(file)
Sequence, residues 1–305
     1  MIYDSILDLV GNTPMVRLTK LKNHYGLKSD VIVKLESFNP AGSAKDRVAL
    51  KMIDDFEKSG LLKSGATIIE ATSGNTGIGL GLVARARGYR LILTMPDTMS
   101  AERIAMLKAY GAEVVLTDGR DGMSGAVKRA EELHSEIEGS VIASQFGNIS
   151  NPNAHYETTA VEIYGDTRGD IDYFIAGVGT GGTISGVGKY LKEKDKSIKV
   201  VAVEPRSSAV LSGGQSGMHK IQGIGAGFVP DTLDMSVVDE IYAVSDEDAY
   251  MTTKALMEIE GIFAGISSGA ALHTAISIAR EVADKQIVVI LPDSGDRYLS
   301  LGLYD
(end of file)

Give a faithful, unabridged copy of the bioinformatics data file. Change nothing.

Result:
Sequence, residues 1–305
     1  MIYDSILDLV GNTPMVRLTK LKNHYGLKSD VIVKLESFNP AGSAKDRVAL
    51  KMIDDFEKSG LLKSGATIIE ATSGNTGIGL GLVARARGYR LILTMPDTMS
   101  AERIAMLKAY GAEVVLTDGR DGMSGAVKRA EELHSEIEGS VIASQFGNIS
   151  NPNAHYETTA VEIYGDTRGD IDYFIAGVGT GGTISGVGKY LKEKDKSIKV
   201  VAVEPRSSAV LSGGQSGMHK IQGIGAGFVP DTLDMSVVDE IYAVSDEDAY
   251  MTTKALMEIE GIFAGISSGA ALHTAISIAR EVADKQIVVI LPDSGDRYLS
   301  LGLYD